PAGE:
The Connecticut Department of Public Health declined to provide the locations where two swimmers were infected with a deadly bacteria while swimming in the Long Island Sound off Connecticut.
Two people between the ages of 60 and 80 were infected in July with vibrio vulnificus, commonly known as “flesh-eating bacteria.” The two swimmers had open wounds and were infected in separate locations, according to the department. One later died.
CT Examiner requested records under the Freedom of Information Act to identify where the swimmers may have been infected, but the department’s spokesperson Chris Boyle said the department was not releasing that information.
According to Russell Blair, director of education and communications for the Freedom of Information Commission, the department can withhold for reasons of confidentiality the records of investigations of certain diseases — including botulism, West Nile virus, Monkey Pox, and COVID.
Vibrio vulnificus infections are relatively rare, with about 100 to 200 cases each year in the U.S. People with liver disease, cancer or weakened immune systems, or who swim with open wounds, are more likely to contract the infection.
But infections are serious. Called vibriosis, the condition can kill the flesh around infected wounds and often requires intensive care or amputation. And about 1 in 5 people die from infection, sometimes within a day or two of becoming sick, according to the CDC.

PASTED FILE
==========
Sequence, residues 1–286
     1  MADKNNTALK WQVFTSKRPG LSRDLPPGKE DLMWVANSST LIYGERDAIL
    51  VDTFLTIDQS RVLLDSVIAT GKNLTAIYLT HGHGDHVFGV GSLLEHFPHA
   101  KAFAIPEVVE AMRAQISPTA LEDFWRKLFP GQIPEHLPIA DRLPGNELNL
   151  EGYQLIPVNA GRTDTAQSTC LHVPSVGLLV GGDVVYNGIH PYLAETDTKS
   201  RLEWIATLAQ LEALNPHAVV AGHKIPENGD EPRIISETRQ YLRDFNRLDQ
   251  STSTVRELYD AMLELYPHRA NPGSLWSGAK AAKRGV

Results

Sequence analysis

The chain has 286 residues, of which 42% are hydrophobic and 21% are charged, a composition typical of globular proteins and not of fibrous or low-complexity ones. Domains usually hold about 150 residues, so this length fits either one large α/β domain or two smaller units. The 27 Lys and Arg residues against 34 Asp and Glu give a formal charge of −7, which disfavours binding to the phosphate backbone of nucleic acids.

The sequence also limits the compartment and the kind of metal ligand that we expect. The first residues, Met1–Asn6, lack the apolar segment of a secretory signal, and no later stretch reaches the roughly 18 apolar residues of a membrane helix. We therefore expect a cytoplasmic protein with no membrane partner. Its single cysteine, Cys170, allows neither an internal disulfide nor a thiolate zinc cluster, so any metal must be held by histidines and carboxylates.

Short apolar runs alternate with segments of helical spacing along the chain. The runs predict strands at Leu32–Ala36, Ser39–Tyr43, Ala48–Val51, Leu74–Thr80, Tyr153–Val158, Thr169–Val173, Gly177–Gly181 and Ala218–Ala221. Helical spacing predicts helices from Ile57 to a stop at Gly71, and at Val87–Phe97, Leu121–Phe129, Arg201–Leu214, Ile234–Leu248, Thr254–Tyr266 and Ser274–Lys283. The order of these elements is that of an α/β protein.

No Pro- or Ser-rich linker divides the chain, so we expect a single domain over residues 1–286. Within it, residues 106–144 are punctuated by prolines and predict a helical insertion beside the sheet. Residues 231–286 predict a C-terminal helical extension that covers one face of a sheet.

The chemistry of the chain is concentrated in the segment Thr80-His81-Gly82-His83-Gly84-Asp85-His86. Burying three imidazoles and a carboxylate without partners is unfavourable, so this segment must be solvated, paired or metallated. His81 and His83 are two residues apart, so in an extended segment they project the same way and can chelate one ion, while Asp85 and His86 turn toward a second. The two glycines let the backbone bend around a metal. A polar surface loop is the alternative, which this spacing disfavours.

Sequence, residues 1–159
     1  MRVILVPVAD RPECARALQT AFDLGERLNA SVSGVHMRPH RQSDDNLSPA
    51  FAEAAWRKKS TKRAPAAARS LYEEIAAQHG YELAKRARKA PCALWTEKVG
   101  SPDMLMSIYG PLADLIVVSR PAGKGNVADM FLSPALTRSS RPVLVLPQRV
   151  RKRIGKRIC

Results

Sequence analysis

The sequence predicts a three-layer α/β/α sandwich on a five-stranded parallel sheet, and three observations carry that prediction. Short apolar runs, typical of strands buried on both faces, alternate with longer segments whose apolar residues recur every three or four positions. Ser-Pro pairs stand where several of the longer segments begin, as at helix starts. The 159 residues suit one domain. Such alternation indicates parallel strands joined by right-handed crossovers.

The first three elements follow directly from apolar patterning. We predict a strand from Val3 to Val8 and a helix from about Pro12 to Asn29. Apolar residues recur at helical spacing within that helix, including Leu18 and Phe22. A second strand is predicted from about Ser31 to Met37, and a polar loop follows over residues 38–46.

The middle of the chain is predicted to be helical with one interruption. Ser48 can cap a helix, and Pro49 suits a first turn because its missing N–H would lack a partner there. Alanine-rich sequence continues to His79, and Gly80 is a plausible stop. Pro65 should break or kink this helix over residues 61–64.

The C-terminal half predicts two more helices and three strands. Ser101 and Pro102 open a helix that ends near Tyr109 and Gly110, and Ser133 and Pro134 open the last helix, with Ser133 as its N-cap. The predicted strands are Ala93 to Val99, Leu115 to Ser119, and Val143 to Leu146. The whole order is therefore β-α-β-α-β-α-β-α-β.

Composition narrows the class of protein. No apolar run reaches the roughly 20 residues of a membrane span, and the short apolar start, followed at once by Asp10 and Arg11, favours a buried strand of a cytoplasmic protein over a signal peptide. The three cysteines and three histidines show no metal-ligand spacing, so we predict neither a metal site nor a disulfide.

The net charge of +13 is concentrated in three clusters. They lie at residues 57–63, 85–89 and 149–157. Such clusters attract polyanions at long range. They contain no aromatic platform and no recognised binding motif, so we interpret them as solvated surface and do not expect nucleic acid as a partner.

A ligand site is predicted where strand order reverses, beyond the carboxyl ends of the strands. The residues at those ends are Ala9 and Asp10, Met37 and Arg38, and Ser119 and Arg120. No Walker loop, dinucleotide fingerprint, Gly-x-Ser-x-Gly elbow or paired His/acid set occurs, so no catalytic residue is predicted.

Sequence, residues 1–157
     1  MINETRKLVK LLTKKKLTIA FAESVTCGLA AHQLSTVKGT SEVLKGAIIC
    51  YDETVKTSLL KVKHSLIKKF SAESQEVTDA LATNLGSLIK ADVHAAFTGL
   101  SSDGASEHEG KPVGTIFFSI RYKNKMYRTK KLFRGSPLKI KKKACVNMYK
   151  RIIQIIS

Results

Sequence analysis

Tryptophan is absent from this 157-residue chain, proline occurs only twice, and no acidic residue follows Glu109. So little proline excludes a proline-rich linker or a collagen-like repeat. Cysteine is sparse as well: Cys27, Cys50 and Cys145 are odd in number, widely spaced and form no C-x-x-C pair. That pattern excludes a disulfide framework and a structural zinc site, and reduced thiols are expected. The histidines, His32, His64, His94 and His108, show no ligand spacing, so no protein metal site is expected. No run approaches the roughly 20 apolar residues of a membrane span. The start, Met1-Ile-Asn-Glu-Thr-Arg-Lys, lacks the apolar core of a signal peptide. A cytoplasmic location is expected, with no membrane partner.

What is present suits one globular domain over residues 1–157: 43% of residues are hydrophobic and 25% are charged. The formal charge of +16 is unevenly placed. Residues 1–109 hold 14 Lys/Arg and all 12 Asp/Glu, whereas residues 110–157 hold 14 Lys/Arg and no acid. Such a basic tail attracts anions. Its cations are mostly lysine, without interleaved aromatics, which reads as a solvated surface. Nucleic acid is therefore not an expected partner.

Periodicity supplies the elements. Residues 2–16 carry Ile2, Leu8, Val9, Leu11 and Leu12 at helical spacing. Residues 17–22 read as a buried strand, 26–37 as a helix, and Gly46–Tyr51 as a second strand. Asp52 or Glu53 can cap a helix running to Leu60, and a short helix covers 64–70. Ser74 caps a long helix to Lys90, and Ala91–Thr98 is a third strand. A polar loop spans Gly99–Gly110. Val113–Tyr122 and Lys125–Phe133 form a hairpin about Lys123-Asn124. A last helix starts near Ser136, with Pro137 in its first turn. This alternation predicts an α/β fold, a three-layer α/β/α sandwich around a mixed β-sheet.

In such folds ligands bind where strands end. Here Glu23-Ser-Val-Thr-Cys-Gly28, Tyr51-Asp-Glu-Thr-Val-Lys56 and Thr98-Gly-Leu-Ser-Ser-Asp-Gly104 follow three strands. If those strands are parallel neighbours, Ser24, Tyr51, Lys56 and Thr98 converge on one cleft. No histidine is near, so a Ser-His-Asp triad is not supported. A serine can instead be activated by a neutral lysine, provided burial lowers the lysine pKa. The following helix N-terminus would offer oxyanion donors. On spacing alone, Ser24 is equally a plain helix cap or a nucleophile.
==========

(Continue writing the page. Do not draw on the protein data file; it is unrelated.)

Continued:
New York officials said one person died from vibrio vulnificus infection in Suffolk County on Long Island, and that death is still under investigation.
Beaches aren’t tested for vibrio
Vibrio bacteria are naturally occurring, but are present in higher concentrations in the summer when the salt water in the Long Island Sound is warmer, and filter-feeding shellfish, like oysters, can concentrate vibrio in their flesh when it’s present in the water.
While local and state health departments routinely test water at beaches for bacteria, they don’t test for vibrio bacteria – neither the deadly vibrio vulnificus or the more common but less severe vibrio parahaemolyticus.
Department of Energy and Environmental Protection spokesperson Will Healey said the state tests only for Enterococcus bacteria in the four saltwater state beaches, and E. Coli in inland swimming areas Samples sent to the Department of Public Health by regional and municipal health officials follow the same methods, he said.
CT Examiner contacted the 16 health departments along the Connecticut shoreline to ask if they had any reports of vibrio infections. Seven departments responded that they had not recorded an infection: the Connecticut River Area Health District, which includes Clinton and Old Saybrook, and local health departments in Madison, Stratford, Bridgeport, Fairfield, Darien and Greenwich. The remaining 9 departments did not respond in time for publication.
The Department of Public Health has advised the public against eating raw or undercooked oysters and shellfish, though no illnesses have been linked to Connecticut shellfish. Darien Health Director David Knauf said people who are out clamming and oystering in the Sound should follow the same guidelines as commercial shellfishing – placing harvested shellfish immediately on ice.